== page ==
Linda Stewart took the reins of the Central Economic Development Agency from its original chief executive Will Samuel in 2017, a year after the Manawatū agency was formed.

David Unwin/Stuff

Linda Stewart took the reins of the Central Economic Development Agency from its original chief executive Will Samuel in 2017, a year after the Manawatū agency was formed.

Central Economic Development Agency chief executive Linda Stewart has resigned to pursue new opportunities.

Stewart was a key figure in the development of the Manawatū agency, who took the reins from the original chief executive Will Samuel in 2017 – a year after it was first formed in the amalgamation of Destination Manawatū and Vision Manawatū.

Reflecting on the past four years, Stewart said it was an extremely rewarding leadership role despite the challenges of the organisation’s wide remit – ranging from marketing and tourism promotion to industry training, business support and advocacy.

“This has not been an easy decision for me by any stretch, but it is time to hand the baton over and move on to new opportunities [in the region].”

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Stewart would officially leave the agency next month, ending a tenure which had been instrumental in shaping the success and direction of the organisation, CEDA board chairman Malcolm Bailey said.

“[She] led it from its infancy to a thriving agency with a clear, strategic direction and vision for Manawatū.

“Under her leadership, CEDA has delivered significant outcomes for the city and region, including the first regional AgriTech Strategy in New Zealand, which is three years on and has already resulted in positive outcomes for the development of this important sector. “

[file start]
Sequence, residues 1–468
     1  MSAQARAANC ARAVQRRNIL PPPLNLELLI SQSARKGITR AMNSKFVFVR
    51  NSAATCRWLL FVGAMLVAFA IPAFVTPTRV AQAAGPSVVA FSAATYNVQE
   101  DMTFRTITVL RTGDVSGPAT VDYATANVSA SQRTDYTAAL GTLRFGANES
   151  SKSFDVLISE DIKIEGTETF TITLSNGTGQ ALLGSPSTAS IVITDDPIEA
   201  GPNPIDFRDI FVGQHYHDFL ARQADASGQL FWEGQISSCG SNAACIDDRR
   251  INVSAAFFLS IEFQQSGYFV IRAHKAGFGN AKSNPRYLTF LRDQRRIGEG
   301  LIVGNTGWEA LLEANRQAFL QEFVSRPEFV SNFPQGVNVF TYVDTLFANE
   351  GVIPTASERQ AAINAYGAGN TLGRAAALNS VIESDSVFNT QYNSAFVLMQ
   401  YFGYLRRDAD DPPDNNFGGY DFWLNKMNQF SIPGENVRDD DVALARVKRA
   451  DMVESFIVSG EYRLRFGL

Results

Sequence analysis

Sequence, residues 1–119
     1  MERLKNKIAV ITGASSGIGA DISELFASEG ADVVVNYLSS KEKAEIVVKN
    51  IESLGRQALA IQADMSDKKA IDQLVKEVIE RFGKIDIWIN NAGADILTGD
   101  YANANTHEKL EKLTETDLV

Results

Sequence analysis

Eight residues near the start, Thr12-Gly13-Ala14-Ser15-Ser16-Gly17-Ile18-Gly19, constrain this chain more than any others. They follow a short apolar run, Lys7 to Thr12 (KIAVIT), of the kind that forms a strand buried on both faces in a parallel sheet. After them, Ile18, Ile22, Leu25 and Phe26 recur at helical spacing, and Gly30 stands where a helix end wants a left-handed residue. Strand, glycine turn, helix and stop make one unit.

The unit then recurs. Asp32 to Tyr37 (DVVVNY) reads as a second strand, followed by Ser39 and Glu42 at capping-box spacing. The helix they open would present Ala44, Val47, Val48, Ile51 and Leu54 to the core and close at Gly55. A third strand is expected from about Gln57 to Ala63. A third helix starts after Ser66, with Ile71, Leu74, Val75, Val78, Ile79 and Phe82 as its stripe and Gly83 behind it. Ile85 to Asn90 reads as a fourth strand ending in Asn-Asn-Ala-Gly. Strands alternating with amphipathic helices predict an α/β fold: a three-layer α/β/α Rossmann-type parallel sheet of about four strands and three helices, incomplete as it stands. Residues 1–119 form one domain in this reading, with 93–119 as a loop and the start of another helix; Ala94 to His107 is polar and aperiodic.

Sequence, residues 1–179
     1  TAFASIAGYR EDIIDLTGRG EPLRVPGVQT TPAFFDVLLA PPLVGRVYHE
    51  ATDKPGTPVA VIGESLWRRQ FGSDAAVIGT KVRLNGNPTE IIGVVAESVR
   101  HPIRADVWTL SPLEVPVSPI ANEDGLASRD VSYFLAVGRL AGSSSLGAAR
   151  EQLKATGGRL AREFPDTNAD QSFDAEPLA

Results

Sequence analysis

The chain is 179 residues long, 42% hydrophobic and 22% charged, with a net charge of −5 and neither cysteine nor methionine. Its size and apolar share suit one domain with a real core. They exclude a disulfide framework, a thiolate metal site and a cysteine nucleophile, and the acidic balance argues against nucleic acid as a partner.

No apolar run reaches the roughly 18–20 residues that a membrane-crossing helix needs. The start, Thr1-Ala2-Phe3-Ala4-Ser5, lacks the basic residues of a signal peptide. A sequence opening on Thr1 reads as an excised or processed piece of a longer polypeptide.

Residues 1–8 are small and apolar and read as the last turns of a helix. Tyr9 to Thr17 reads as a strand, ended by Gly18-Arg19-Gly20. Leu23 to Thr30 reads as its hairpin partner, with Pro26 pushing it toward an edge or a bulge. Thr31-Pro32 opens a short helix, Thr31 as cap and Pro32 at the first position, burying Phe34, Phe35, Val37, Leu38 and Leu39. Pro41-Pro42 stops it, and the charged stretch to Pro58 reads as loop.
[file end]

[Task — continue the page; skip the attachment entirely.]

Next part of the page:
Bailey said Stewart’s leadership had helped the agency launch a more than $2.3 million programme to support over 700 businesses through the worst of the Covid-19 pandemic.

She also worked with her team around the clock through the lockdowns to ensure the Manawatū business community got the guidance it needed – helping hundreds more businesses with online training and support, he said.

Other significant projects Stewart shepherded included the Central New Zealand Distribution Hub Strategy and advocacy, which helped secure a new $40m Kiwirail freight hub in Palmerston North, and the attraction of government investment to build Te Āpiti’s tourism potential.

“This work is an absolute credit to Linda and her commitment to collaboration, her tenacity and passion for the region, and the team she has proudly built and led over the past four years.”

Stuff

Stuff

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